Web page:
Illinois study shows perennial biofuels give off less nitrogen

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Miscanthus. Photo: Tau'Olunga, Wikimedia Commons.

Miscanthus. Photo: Tau’Olunga, Wikimedia Commons.

Perennial crops like the tallgrass miscanthus can be turned into ethanol like corn, but give off less nitrogen into the atmosphere, according to a University of Illinois study.

Limiting nitrogen is important because it can produce nitrous oxide, a greenhouse gas that furthers global warming. And nitrate can contaminate drinking sources and leach into lakes where it contributes to lethal dead zones for fish life.

Ethanol is added to gasoline to reduce dependence on the fossil fuels that contribute to global warming. But it’s counterproductive to produce ethanol in a way that makes yet another powerful greenhouse gas – nitrous oxide.

“Corn production with large fertilizer inputs leads to large losses of nitrogen into the environment, both through gas emissions of nitrous oxide and leaching of nitrate,” Mark David, an Illinois biogeochemist reported.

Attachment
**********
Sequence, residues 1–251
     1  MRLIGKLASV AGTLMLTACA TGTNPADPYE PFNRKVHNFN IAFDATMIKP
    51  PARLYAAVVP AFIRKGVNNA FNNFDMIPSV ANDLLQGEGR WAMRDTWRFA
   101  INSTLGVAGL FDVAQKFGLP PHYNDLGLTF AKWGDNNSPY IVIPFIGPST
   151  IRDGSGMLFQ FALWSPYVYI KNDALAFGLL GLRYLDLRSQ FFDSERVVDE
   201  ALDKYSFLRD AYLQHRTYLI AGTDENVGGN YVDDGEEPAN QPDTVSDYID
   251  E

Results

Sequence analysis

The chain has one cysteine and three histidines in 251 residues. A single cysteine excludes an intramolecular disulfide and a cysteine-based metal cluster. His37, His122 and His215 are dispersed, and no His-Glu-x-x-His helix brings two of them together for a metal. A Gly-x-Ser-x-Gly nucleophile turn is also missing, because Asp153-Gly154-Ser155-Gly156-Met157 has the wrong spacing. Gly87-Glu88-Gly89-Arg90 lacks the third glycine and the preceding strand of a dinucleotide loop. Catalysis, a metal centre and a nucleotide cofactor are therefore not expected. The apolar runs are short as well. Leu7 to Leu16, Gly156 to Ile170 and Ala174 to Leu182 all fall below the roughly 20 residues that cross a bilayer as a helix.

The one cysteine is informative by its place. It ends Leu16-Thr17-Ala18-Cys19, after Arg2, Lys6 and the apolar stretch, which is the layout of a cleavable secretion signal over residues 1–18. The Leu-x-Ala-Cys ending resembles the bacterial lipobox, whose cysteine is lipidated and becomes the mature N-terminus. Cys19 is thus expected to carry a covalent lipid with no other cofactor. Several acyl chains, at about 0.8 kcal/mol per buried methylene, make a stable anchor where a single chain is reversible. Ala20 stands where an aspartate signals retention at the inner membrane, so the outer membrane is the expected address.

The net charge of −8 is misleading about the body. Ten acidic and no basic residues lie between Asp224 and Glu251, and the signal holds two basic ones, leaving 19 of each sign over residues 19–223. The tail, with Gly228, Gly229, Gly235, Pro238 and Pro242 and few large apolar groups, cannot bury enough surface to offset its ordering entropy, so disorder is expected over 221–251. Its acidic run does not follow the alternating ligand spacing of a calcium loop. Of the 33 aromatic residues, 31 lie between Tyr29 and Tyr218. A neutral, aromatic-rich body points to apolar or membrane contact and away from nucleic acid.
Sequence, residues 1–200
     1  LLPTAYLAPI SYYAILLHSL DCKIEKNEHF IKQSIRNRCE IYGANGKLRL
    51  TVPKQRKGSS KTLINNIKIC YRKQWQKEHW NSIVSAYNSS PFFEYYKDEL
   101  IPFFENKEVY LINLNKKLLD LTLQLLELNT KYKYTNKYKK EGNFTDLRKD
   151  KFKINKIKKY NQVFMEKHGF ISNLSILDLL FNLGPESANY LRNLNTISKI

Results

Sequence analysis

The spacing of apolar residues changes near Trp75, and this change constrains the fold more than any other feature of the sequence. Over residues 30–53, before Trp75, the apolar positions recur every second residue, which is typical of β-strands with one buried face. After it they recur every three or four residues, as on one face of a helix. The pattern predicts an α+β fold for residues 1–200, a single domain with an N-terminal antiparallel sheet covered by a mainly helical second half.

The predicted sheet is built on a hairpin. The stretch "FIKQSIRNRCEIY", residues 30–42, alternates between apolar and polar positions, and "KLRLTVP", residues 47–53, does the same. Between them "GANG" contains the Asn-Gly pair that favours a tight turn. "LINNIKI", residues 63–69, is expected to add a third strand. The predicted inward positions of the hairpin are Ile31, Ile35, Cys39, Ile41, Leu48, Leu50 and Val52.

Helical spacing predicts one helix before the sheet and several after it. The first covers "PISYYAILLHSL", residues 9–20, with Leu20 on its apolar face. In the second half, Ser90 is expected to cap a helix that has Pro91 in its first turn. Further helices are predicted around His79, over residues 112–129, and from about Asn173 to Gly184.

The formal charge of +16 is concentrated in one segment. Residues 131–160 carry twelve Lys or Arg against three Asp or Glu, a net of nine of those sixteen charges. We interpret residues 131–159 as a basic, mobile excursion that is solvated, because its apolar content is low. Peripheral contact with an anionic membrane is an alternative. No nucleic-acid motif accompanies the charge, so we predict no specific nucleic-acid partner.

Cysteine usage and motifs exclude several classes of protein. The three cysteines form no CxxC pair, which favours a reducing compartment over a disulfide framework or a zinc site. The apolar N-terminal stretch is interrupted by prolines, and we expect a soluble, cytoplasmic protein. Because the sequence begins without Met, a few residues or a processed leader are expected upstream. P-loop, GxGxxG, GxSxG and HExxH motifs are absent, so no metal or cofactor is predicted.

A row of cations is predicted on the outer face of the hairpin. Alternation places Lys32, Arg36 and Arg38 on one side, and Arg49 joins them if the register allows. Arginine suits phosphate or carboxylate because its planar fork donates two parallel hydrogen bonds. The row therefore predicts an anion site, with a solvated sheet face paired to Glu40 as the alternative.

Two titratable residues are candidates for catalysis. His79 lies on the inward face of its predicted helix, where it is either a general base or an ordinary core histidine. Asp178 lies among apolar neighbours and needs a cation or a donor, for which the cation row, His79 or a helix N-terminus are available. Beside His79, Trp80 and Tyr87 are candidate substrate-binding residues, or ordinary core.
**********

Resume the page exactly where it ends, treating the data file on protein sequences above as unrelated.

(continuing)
The study compared miscanthus, switchgrass and mixed prairie species of grass with corn and soybean.

Each of the perennial crops were “highly efficient at reducing nitrogen losses, with miscanthus having the greatest yield” of biomass used for fuel, according to the university.


One thought on “Illinois study shows perennial biofuels give off less nitrogen

  1. How about harvesting all the Phragmites australis in our wetlands for ethanol and then kill the roots as a win-win program.

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